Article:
refers to the period of time in which the response is being learned
Neutral stimulus
one that does not cause a reaction – like the bell to the dogs before they were conditioned
Unconditioned stimulus (UCS)
stimulus that elicits a response without prior conditioning
Unconditioned response (UCR)
the response to the UCS without prior learning
Conditioned stimulus (CS)
a stimulus that, through association with the UCS comes to elicit a conditioned response similar to the original UCR
Conditioned response (CR)
a response elicited by a CS
Forward-short delay paring
learning usually occurs most quickly this way, the CS (tone) appears first and is still present when the UCS (food) appears.
Forward trace pairing
tone sounds, then stops, and after that the food is presented
Stimulus generalization
organism is likely to react to similar stimuli, like different tones for the dogs
Discrimination
when alarm reaction occurs to one stimulus, but not
Exposure therapies
expose the person to what makes them afraid a bit at a time and slowly cause extinction of the fear to occur
Aversion therapies
pairing an unwanted action with something noxious – like pedophiles
Law of effect
in a given situation, a response followed by a satisfying consequence will become more likely to occur and a response followed by an annoying consequence will become less likely to occur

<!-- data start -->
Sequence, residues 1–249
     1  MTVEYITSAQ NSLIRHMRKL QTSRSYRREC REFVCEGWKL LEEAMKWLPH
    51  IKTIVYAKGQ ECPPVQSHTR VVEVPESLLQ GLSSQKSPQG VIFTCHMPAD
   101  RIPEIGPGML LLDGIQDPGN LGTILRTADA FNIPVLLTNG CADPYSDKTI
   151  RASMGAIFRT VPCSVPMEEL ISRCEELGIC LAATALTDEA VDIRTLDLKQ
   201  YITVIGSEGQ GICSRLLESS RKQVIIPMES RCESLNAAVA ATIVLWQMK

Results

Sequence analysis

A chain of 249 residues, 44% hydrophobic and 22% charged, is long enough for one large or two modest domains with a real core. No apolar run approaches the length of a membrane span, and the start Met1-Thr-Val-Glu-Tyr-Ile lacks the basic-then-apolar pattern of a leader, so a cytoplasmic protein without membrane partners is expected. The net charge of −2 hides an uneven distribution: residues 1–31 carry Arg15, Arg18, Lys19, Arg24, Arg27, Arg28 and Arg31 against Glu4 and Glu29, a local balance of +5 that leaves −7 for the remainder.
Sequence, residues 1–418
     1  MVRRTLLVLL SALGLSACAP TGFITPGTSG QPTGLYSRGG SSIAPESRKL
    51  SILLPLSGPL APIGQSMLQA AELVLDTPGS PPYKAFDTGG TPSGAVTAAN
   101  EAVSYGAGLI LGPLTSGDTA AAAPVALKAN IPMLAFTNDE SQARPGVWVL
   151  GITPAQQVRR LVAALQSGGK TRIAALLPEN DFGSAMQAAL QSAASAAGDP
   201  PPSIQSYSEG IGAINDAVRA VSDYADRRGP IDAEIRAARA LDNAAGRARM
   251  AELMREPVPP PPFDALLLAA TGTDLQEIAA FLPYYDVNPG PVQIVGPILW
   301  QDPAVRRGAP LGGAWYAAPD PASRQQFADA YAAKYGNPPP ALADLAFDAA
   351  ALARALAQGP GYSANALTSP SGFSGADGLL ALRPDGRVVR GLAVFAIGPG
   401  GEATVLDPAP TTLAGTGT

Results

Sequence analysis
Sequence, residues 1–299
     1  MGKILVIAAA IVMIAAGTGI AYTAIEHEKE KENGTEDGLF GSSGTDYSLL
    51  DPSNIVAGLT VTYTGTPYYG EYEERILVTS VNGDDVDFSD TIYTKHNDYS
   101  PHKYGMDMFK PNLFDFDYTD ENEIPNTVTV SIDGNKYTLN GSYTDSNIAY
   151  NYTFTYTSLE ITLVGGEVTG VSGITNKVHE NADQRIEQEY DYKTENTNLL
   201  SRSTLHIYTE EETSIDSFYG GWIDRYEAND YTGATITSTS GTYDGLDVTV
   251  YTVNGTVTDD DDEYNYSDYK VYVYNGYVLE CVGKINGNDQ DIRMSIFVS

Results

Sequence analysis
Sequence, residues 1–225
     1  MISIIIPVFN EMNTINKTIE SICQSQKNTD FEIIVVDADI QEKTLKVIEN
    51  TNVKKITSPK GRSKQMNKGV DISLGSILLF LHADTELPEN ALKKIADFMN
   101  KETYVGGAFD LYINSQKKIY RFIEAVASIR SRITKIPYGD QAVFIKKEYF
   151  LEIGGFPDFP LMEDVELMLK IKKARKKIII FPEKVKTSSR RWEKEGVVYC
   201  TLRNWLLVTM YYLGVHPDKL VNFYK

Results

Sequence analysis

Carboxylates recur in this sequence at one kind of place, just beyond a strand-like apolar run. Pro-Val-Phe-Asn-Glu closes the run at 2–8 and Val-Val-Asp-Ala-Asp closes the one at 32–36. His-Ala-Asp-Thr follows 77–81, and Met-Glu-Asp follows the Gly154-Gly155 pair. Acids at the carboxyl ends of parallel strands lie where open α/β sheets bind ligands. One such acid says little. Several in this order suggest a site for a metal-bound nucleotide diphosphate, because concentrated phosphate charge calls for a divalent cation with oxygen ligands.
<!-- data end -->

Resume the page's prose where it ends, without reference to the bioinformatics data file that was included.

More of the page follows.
Operant conditioning
a type of learning in which behavior is influenced by the consequences that follow it
negative punishment
responce cost
Positive punishment
averse punishment
Shaping
using a method of successive approximations toward a final response
Operant generalization
An operant response occurs to a new antecedent stimulus of situation that is similar to the original one
Operant discrimination
means that an operant response will occur to one antecedent stimulus but not to another
Escape conditioning
organism learns a response to terminate an aversive stimulus
Avoidance conditioning
organism learns a response to avoid an aversive stimulus
Preparedness
through evolution, animals are biologically predisposed to learn some associations more easily than others
Instinctive drift
the tendency for a conditioned repose to drift back toward instinctive behavior
Role of awareness
have to be aware of what you are being rewarded for in order for conditioning to work
Latent learning
refers to learning that occurs but is not demonstrated until later when there is an incentive to perform
Law of Effect
In a given situation, a response followed by a satisfying consequence will become more likely to occur and a response followed by an annoying consequence will become less likely to occur.
Sensory memory
briefly holds incoming information – the type that takes a fast picture of what was seen, like with the flashing numbers experiment we did in class – the image that is kept in the mind is called an ionic image
Working memory
last longer than the above, which fades rapidly – temporarily holds a limited amount of information
Phonological loop
stores mental representations of sounds – like when listening to spoken words
Visuospatial sketchpad